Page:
How to Save a Life by Sara Zarr | Teen Ink

How to Save a Life by Sara Zarr

June 12, 2014
By MckennaS PLATINUM, Port St Lucie, Florida
MckennaS PLATINUM, Port St Lucie, Florida
21 articles 0 photos 56 comments

Favorite Quote:
"Me?
Well, I’m well.
Well, I mean I’m in hell.
Well, I still have my health
At least that’s what they tell me
If wellness is this, what in hell’s name is sickness?"


Sara Zarr’s “How to Save a Life” follows the intertwining of two girls’, Amanda and Jill’s, lives. Jill, dark and cynical, is – after a year – still heavily mourning the death of her beloved father. Others tell Jill she’s like a whole different person than she was before – and not for the better. Jill is skeptical and believes her mother, Robin, is naïve when Jill is told her they will both soon be housing a young, pregnant girl who has agreed over the internet to give them her baby after it is born. Jill is sure that her mother is being too trusting by not getting a lawyer to sign off on the deal, but their soon-to-be ward demanded there be no inclusion of lawyers or contracts. Mandy, large with a baby and beautiful, escapes from her step-father and mother to start a new life; a life that begins with the agreement to let another woman adopt the baby still in her stomach. Things become complicated when Jill and Robin learn Mandy has lied about a few important details, especially when Robin and Mandy have become so close. Jill internally berates herself for the unkind person she has become following her father’s death, and works to properly grieve and accept the passing of her father. With her friends no longer talking to her, after Jill had pushed them away with the utterance of “Leave me the hell alone!” Jill finds herself increasingly lonely. In comes Ravi, a blast from the past, and suddenly Jill begins to feel excited about the future – a.k.a. seeing him again, even though she has a boyfriend. Will Jill and her boyfriend be able to accept that their relationship does not hold the same kind of love it used to? And will Mandy learn to trust Robin and Jill enough to be honest with them and tell her about her tragic past?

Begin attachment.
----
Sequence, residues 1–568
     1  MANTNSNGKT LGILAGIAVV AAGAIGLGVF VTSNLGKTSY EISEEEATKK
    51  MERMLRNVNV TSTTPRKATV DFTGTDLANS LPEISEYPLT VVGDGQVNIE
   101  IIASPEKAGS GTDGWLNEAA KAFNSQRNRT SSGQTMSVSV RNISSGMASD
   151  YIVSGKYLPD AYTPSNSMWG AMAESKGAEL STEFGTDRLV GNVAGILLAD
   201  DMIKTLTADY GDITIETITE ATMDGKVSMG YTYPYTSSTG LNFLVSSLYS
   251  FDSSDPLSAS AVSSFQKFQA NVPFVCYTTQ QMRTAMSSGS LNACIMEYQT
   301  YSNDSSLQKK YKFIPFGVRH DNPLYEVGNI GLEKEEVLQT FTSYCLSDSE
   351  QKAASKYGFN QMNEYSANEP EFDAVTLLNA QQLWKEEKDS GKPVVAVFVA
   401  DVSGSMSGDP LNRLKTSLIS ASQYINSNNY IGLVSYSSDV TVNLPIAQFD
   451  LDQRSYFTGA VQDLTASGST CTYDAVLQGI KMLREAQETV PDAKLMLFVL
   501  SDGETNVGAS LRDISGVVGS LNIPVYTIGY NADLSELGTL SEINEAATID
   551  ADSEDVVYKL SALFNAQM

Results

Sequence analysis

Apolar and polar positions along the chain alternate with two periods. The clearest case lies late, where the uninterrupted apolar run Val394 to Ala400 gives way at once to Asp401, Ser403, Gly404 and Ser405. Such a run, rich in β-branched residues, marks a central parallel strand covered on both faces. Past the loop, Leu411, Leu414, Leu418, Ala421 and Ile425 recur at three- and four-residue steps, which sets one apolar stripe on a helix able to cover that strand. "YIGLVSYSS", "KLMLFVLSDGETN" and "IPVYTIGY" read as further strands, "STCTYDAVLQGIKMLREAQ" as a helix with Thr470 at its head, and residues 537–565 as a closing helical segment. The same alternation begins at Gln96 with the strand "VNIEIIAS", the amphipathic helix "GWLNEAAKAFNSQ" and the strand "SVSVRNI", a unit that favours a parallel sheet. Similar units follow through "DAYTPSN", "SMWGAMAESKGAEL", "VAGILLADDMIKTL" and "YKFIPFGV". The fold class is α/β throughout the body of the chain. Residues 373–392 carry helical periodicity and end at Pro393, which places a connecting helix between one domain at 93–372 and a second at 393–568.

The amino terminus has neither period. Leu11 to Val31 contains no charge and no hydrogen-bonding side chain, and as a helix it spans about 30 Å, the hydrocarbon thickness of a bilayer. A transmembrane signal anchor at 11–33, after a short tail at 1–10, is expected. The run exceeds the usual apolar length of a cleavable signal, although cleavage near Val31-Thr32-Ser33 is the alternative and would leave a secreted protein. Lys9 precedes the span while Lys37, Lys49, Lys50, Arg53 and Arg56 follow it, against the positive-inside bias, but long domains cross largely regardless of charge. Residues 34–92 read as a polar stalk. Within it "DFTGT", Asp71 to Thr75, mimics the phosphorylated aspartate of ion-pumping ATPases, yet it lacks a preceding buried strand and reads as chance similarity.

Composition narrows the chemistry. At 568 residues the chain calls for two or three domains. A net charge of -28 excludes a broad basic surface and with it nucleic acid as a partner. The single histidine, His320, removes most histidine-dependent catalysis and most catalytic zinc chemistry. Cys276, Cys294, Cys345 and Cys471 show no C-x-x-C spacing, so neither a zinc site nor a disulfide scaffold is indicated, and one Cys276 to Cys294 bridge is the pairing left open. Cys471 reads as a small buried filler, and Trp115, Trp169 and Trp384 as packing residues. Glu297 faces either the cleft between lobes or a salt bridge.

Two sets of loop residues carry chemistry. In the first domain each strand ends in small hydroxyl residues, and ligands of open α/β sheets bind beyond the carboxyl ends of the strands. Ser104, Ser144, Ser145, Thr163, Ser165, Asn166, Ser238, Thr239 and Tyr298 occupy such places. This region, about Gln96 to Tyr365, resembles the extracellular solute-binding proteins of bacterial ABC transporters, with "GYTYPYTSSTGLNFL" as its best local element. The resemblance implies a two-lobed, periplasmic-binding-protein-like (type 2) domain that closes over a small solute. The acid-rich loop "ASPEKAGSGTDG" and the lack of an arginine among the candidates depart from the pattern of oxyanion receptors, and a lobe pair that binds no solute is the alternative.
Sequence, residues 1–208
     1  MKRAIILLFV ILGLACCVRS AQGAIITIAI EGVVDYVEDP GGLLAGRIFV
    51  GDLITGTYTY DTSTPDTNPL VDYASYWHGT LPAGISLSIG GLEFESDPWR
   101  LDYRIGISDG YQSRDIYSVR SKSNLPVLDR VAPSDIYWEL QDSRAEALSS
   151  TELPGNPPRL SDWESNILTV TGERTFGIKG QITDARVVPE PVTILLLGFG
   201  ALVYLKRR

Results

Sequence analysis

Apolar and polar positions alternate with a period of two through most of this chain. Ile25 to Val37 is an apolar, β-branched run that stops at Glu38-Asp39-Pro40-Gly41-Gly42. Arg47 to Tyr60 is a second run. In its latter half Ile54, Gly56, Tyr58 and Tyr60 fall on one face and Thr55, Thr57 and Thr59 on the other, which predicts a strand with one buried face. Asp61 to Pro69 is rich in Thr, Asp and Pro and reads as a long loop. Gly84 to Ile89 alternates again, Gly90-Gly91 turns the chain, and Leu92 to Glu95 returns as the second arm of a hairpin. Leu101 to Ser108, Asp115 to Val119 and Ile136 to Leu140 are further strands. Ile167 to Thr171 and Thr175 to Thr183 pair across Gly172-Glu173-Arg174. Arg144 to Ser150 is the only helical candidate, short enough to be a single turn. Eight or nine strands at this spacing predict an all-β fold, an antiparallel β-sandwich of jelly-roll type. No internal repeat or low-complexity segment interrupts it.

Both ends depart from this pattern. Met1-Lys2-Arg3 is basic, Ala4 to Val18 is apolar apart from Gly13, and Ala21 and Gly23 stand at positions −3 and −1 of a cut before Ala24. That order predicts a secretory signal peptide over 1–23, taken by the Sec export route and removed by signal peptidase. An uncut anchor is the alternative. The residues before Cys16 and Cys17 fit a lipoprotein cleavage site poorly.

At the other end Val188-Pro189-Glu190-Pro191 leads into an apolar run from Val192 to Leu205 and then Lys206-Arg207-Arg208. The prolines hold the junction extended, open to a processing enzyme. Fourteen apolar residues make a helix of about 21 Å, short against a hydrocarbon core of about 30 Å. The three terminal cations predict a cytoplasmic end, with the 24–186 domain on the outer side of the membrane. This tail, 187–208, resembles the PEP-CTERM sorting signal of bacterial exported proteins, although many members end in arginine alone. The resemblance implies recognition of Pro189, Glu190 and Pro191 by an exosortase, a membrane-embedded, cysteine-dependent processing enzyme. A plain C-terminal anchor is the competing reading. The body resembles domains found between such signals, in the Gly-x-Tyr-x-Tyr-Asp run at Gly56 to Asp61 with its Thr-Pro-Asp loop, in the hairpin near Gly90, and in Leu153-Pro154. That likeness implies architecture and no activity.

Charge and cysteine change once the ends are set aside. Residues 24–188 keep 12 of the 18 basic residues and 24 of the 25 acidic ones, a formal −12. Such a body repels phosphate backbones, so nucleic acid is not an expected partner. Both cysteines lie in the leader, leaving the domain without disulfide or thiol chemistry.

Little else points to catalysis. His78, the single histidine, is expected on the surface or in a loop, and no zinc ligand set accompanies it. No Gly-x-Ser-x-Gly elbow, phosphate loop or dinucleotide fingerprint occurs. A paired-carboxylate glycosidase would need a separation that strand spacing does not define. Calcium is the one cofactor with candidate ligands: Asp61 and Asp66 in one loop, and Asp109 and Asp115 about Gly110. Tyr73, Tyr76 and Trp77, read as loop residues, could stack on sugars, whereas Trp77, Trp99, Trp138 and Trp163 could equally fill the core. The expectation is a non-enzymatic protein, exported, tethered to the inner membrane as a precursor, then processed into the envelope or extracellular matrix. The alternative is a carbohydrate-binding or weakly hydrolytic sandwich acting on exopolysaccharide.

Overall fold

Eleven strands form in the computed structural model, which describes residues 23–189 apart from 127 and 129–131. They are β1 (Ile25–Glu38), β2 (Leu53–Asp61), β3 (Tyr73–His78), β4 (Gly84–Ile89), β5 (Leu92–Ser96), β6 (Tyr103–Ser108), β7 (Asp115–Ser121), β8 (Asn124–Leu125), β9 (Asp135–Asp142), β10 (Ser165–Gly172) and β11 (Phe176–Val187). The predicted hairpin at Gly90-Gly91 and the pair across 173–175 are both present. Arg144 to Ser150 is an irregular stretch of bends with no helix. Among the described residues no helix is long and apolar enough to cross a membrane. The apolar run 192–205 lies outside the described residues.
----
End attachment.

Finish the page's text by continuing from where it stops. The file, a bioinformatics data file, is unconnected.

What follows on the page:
The chapters of this book are split between the two female protagonists, Jill and Mandy. Told in first person from each girl, both have a story to tell with distinct voices and feelings about what their futures hold in store for them. One large criticism of the book is that, for most it, the story is slow and hard to get into; far from the addicting quality that I look for in a book. Only three-quarters of the way through did I finally find the book to be a bit harder to set down. There were times when both characters frustrated or compelled me to read more, but it was really the unlikely friendship that forms between the two immensely different girls that warmed my heart.

Though I can assume the life saved in this book is supposed to be Mandy, I feel like I can conclude that, by the end of the book – without giving spoilers - it is really Mandy who saves herself. And though Jill is a difficult character, sometimes hard to relate to despite her grieving state, I found myself sympathizing with her more as the story went on.

Overall, the story is heart-warming – though might be a tear-jerker depending on how susceptible you are to crying while reading. If you are looking for an addicting book with a fast-paced story and tons of action, this book may not be for you; however, if you want to read the story of three women who each learn again to love both themselves and others, you’ll probably really enjoy this could-be gem.

3/5 stars.


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